Posted on

First UK Patient Receives Stem Cell Treatment That Cures Blindness

A patient in the UK has become the first person to receive an experimental treatment using stem cells which could in the future cure the eyesight of millions of people.

The woman, who has age related macular degeneration had a successful operation by doctors at Moorfields Eye Hosptial last month. Doctors will not know if the operation will work and she has regained eye_1819937bher sight until December. If she does it could be a massive step is saving sight in millions of people.

The transplant itself contains eye cells, called retinal pigment epithelium, which were created using stem cell research and were grown in a lab. The cells then form a patch that can be placed behind th
e retina during surgery.

If the operation proves a success and the patient regains her sight the potential for this stem cell research could be huge. Although the first patients have the “wet” form of macular degenerative condition the doctors believe that this operation could be used on those who suffer from the “dry” form which is the majority of the sufferers in the United Kingdom.

Stem Cells have moved from drawing board to human trials with incredible speed say scientists. The first embryonic stem cell was grown in 1989. Using them in eyes was always going to have a big advantage over other prospects, because it is possible to transplant them without an attack by the immune system, as would happen in other parts of the body. Most people who have any sort of transplant have to take drugs that suppress the immune system for the rest of their lives.

Stem Cells are believed to be the way forward and if this operation proves to be a success then we are taking a huge step in medical science as well as researching more on the use of stem cells.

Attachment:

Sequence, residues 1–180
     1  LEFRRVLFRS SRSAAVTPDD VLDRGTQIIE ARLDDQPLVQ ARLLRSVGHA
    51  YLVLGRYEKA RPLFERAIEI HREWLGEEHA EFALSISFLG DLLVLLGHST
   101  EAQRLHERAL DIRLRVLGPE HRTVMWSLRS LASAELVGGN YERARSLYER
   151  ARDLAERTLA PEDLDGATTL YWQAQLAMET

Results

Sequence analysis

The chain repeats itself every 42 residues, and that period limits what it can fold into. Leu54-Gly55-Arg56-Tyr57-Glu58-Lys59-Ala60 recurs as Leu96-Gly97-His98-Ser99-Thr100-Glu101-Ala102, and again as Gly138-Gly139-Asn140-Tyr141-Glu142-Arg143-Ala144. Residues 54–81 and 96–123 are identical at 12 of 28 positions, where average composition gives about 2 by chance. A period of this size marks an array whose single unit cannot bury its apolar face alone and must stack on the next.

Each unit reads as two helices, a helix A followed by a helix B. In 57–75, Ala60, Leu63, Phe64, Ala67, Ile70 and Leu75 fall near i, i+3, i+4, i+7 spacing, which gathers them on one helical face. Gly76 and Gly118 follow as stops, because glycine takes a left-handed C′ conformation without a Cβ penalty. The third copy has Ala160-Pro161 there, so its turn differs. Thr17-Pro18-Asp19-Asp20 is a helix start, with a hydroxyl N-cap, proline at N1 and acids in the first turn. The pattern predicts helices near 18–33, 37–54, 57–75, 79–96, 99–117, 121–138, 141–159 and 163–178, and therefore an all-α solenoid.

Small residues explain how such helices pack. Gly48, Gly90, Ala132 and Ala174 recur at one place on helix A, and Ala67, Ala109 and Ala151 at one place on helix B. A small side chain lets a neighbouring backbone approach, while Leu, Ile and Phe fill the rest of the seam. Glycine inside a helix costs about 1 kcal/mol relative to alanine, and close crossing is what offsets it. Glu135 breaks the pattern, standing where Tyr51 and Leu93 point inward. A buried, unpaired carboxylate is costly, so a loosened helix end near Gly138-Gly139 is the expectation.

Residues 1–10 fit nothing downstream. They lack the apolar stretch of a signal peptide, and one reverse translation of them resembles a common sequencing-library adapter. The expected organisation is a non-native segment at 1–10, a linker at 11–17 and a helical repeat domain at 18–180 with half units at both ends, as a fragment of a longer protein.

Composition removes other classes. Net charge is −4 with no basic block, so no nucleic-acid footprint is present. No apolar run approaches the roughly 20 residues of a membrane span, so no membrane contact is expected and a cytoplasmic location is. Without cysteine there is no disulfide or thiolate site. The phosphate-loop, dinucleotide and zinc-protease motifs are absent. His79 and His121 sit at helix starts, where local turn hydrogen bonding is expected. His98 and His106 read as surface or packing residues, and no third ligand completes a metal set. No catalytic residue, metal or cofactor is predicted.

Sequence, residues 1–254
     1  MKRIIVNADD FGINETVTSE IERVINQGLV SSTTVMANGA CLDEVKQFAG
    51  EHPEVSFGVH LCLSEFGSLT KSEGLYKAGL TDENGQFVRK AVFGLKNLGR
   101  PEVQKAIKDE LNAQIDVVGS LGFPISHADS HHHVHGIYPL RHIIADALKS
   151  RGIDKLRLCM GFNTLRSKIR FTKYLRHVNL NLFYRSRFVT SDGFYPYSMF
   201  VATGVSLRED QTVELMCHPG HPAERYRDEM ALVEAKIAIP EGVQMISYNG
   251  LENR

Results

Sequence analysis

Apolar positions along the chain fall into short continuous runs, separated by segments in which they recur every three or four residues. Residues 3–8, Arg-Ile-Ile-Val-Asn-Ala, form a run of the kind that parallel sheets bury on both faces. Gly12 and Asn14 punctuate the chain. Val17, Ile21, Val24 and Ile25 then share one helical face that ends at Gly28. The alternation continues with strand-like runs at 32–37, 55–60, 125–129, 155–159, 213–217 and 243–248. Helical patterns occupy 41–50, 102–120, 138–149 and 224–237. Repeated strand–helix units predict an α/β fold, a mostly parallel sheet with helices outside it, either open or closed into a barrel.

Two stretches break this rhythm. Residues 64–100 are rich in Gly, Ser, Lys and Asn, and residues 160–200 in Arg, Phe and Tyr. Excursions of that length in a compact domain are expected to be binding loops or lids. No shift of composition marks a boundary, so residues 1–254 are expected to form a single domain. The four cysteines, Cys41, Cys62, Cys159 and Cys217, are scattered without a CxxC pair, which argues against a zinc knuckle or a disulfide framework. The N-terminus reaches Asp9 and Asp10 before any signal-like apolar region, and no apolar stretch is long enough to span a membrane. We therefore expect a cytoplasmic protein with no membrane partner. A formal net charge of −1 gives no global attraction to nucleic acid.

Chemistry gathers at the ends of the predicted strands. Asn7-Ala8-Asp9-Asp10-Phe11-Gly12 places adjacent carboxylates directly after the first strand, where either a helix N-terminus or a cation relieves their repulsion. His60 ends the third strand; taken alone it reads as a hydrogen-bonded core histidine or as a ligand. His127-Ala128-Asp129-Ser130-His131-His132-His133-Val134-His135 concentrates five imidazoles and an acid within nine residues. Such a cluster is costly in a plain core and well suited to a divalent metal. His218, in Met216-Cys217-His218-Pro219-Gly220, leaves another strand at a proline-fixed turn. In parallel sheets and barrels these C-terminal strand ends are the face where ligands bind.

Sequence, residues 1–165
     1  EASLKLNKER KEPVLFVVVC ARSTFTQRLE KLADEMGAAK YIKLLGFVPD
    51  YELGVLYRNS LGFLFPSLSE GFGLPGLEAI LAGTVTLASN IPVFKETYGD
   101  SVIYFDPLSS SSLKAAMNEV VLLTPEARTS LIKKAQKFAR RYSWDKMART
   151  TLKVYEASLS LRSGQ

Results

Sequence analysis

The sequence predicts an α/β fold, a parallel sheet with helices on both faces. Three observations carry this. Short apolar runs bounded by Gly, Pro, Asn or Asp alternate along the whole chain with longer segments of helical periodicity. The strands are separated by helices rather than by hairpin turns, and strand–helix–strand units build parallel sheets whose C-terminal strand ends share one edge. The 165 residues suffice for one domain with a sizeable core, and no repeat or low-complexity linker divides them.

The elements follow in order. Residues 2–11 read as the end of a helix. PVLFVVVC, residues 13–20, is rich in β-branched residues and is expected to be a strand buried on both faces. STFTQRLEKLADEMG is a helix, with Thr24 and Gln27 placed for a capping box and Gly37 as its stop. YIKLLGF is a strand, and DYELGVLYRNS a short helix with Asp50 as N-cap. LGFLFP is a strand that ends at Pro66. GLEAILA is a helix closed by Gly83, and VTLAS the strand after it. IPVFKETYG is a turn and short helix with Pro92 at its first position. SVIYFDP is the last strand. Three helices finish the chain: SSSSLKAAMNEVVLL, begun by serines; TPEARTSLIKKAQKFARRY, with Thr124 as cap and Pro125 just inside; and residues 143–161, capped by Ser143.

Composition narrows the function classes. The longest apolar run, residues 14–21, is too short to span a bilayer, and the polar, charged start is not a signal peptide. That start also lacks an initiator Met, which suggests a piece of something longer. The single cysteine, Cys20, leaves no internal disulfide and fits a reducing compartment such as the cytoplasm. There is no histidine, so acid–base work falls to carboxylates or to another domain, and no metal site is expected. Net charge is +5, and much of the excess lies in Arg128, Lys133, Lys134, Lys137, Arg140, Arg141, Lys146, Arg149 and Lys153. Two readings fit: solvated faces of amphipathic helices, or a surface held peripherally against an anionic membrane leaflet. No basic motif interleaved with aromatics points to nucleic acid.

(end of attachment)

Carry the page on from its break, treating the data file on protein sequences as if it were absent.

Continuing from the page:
Posted on

What Happens When Your Body Is On Sugar?

It’s in the papers almost every day. How bad sugar is and how much we should have in our daily diets. But what does it actually do to our bodies? A video published by the University of California explains what happens with glucose and the more dangerous fructose sugars with Kimber Stanhope explaining what is happening when we intake sugar.

To get these facts she gave two groups of volunteers two different diets; one group was fed pasta, bread or rice, while the other group was given a sugary beverage like Cola. In the video she explains what happens next within the video. First she looks at the effects of glucose which is found in pretty much in all the grains we eat. When glucose enters the body it slowly gets processed by the enzymes of the intestine but is then transferred to the liver through a vein known as the portal vein. When it reaches the liver, the liver will take the energy it needs from the glucose provided and no more. Once its collected the energy it needs it will the move on to another area of the body which needs glucose.

Fructose is very different. First it is processed in the intestines and then moved onto the liver much like glucose. However the liver will take more fructose than it needs even if it’s energy levels are high. Because of this fructose is not passed around the body but is instead stored as fat. This then starts a vicious cycle, contributing to all the diseases we know to make up metabolic syndrome.